Michael P. Maslanka, assistant professor of law, UNT Dallas College of Law.
Michael P. Maslanka, assistant professor of law, UNT Dallas College of Law. (Danny Hurley)

This month we look at an intractable issue: dealing with mental illness/cognitive impairment in the workplace. Laws change, yet attitudes and mindsets remain the same. Here are three cases and three lessons.

Lesson No. 1: HR is not an MD. An employee suffers a closed head injury. (By the way, according to Medscape there are 570,000 injuries a year in the United States.) He is a water service employee for a city and has been on the job for 14 years. The employee takes time off to heal and the city requires that he submit to a fitness for duty exam by a physician. The doctor looks at the job’s essential functions and gives him a medical examination. He gets a green light to go back to work. His supervisor observes the worker in the field performing his tasks. Passing grade here as well. One day the worker is driving in his city truck and a clipboard falls to the floor. He takes his eyes off the road (he is passing through an intersection when the light is green) for a second to pick it up. Turns out, a co-worker sees him disappear for the 15 seconds or so it takes to pick up the clipboard. HR is informed. The employee is placed on administrative leave and the same doctor is asked for his opinion. This time, the MD is only provided with documents regarding performance, including the intersection incident. No physical examination. The MD reports: can’t do the job. HR decides: he is fired. The jury in the ADA lawsuit says: violation and pay up to the tune of $225,000 in mental anguish damages and back pay to the tune of $354,070.72. The Seventh Circuit affirms, saying that the jury was entitled to infer discrimination from the failure to ask for a second medical exam. And, by the way, the court says that the city could not prove that the employee was a “direct threat” because there were no facts to support that assertion. And “No,” says the court to the city, “Your good faith that he did pose a threat only means you had a pure heart, but an empty head.”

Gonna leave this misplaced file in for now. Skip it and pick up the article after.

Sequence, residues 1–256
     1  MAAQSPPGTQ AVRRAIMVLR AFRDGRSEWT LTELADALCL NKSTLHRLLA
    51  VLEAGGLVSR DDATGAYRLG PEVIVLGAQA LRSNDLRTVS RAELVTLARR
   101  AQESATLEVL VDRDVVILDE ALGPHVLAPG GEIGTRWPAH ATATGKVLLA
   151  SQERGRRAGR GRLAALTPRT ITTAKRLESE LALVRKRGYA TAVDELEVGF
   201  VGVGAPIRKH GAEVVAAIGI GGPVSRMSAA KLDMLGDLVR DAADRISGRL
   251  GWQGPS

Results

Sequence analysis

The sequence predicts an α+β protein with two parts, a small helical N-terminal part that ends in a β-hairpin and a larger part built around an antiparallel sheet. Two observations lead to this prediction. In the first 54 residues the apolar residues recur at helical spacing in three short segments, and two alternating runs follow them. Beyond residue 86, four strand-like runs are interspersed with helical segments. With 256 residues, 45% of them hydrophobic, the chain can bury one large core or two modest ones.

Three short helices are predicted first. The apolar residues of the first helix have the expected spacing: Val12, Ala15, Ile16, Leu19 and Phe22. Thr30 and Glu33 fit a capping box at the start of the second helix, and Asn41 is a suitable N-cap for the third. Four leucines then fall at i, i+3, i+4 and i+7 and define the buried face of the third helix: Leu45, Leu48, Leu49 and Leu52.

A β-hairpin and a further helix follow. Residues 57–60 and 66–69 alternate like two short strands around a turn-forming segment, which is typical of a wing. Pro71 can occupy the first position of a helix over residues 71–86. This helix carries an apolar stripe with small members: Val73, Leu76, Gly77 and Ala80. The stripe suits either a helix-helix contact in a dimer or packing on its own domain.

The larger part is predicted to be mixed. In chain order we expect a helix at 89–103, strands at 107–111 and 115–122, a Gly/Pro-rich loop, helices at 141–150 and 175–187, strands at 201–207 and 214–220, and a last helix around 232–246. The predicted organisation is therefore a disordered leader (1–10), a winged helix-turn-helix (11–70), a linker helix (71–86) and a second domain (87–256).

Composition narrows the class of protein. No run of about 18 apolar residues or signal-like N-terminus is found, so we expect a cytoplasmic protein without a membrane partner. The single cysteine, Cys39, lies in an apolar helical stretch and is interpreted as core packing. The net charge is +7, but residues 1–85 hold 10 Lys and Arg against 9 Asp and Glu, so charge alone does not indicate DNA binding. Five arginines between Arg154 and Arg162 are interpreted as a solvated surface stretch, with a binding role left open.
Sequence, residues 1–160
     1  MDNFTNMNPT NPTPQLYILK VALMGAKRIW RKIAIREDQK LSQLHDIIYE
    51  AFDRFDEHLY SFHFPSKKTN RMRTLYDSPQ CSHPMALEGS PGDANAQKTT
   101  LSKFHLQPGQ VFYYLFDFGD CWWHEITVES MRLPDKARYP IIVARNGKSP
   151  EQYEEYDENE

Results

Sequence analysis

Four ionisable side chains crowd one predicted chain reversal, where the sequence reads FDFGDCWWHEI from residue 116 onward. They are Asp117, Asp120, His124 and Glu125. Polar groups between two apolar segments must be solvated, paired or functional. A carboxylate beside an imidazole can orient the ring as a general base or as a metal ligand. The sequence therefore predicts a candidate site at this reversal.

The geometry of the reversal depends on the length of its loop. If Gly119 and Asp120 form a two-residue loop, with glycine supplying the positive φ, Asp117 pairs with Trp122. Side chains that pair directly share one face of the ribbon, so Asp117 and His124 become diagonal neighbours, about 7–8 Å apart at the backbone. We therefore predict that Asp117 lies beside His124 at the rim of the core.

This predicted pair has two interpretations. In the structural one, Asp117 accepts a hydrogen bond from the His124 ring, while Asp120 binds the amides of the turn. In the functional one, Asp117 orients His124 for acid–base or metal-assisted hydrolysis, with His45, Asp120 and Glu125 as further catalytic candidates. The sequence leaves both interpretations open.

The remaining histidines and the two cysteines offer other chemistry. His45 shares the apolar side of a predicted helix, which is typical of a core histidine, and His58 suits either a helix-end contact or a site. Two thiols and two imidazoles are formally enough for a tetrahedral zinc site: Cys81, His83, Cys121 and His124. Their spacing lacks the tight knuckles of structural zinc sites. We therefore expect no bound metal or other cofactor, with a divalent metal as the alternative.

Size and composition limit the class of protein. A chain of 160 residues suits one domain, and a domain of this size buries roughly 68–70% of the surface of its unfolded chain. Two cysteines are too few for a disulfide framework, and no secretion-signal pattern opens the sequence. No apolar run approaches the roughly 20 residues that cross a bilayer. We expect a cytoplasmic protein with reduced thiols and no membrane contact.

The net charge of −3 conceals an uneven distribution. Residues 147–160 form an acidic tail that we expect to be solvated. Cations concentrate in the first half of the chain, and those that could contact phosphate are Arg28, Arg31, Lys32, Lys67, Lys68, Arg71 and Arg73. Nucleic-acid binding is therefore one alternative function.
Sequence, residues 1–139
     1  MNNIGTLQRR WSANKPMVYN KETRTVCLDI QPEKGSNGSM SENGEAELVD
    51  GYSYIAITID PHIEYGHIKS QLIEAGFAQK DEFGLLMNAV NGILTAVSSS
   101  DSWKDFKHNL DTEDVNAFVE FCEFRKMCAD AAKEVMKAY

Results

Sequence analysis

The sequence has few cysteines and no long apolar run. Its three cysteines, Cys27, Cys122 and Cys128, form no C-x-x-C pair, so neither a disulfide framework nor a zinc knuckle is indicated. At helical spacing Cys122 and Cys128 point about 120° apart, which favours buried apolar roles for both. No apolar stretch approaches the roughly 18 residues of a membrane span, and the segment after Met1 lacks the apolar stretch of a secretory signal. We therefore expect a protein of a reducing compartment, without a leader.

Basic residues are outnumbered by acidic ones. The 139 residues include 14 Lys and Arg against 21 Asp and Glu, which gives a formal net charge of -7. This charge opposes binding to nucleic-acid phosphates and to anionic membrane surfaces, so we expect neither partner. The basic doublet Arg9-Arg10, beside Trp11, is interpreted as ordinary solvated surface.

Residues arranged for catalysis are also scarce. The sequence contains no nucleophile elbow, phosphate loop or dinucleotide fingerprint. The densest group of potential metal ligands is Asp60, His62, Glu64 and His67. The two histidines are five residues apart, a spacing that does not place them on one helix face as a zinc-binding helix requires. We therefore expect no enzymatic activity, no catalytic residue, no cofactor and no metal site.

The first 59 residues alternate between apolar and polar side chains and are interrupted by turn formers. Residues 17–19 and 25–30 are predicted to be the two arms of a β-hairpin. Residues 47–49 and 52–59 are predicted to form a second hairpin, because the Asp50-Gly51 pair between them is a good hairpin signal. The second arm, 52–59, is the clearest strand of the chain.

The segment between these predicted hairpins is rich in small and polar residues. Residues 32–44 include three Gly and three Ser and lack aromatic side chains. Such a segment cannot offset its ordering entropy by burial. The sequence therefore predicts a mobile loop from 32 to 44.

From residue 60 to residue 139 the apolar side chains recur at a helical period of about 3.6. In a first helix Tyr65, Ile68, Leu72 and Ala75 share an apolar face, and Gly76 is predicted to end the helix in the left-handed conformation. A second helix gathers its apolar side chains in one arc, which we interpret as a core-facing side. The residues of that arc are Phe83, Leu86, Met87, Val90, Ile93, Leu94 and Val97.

And that’s really what happened. The city decided that he posed a threat because of cognitive problems with the closed head wound, and decided to rush to judgment. No evidence, just a firm belief. Better safe than sorry. Sometimes with students, I will ask them to think about a time they were 100 percent, absolutely, positively sure that XYZ was the case and then discover that it was not. I tell them that once upon a time, I represented a client in a lawsuit alleging that the plaintiff was terminated for filing a workers’ compensation claim. The client and its carrier hired a PI firm to take video of the plaintiff, convinced that his injured back was not in bad shape and that he was faking the injury. Sure enough, the PI firm got a video of him playing basketball. Employee gets fired. Turns out he had a doctor’s note to play basketball because he needed to exercise in order to lose weight to help his back heal. All we ended up with was proof that he had a lousy hook shot. 

The lesson: It’s not what you don’t know that hurts you, it’s what you think is so that isn’t that does.

Lesson No. 2: The ADA’s sweep is broad. Really broad. Ever hear of social anxiety disorder? Here is a fact according to the website of Anxiety and Depression Association of America: more than 15 million Americans suffer from it. It is the most common mental disorder. The American Psychiatric Association in its Diagnostic and Statistical Manual of Mental Disorders (DSM-IV) recognizes it as a disorder that is characterized by “a marked and persistent fear of social and performance situations in which (a) person is exposed to unfamiliar people or to possible scrutiny by others.”